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Mutat Res. 2002 Nov 30;509(1-2):93-108.

DNA repair in neural cells: basic science and clinical implications.

Author information

1
Section on Molecular Neurobiology, Laboratory of Neurogenetics, National Institute on Alcohol Abuse and Alcoholism, National Institutes of Health, 12420 Parklawn Drive, MSC 8110, Bethesda, MD 20892-8110, USA. pjbrooks@mail.nih.gov

Erratum in

  • Mutat Res. 2003 Apr 9;525(1-2):133.

Abstract

As one part of a distinguished scientific career, Dr. Bryn Bridges focused his attention on the issue of DNA damage and repair in stationary phase bacteria. His work in this area led to his interest in DNA repair and mutagenesis in another non-dividing cell population, the neurons in the mammalian nervous system. He has specifically taken an interest in the magnocellular neurons of the central nervous system, and the possibility that somatic mutations may be occurring in these neurons. As part of this special issue dedicated to Bryn Bridges upon his retirement, I will discuss the various DNA repair pathways known to be active in the nervous system. The importance of DNA repair to the nervous system is most graphically illustrated by the neurological abnormalities observed in patients with hereditary diseases associated with defects in DNA repair. I will consider the mechanisms underlying the neurological abnormalities observed in patients with four of these diseases: xeroderma pigmentosum (XP), Cockayne's syndrome (CS), ataxia telangectasia (AT) and AT-like disorder (ATLD). I will also propose a mechanism for one of the observations indicating that somatic mutation can occur in the magnocellular neurons of the aging rat brain. Finally, as a parallel to Bridges inquiry into how much DNA synthesis is going on in stationary phase bacteria, I will address the question of how much DNA synthesis in going on in neurons, and the implications of the answer to this question for recent studies of neurogenesis in adult mammals.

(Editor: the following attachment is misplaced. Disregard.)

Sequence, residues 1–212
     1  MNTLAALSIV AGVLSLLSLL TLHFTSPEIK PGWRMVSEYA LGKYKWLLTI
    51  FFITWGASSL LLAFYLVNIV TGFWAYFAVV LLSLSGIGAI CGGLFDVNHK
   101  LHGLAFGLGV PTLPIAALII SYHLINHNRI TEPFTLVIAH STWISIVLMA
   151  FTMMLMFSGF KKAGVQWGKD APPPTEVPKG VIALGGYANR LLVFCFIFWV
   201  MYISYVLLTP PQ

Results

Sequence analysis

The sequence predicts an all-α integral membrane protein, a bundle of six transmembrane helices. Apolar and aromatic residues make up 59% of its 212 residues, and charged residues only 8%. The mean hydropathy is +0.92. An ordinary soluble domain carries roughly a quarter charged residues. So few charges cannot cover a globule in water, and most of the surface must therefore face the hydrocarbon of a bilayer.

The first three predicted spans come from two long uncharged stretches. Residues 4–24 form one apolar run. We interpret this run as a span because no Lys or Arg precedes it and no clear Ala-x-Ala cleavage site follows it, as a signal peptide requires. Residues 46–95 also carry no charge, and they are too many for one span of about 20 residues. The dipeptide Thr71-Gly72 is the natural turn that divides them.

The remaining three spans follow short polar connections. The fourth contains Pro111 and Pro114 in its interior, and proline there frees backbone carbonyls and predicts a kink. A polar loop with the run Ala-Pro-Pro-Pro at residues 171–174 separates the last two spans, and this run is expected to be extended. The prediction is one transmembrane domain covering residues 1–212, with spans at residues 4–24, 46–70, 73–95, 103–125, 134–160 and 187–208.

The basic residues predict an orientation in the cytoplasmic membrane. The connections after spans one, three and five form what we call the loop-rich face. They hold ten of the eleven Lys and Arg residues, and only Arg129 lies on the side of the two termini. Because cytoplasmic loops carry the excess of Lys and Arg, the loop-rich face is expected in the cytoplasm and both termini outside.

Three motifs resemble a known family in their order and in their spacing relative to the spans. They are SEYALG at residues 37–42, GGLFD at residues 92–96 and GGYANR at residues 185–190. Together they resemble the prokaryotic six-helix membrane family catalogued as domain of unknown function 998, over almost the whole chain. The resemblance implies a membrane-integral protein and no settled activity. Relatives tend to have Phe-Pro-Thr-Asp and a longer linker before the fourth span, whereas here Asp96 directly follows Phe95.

PMID:
12427533
DOI:
10.1016/s0027-5107(02)00222-1
[Indexed for MEDLINE]

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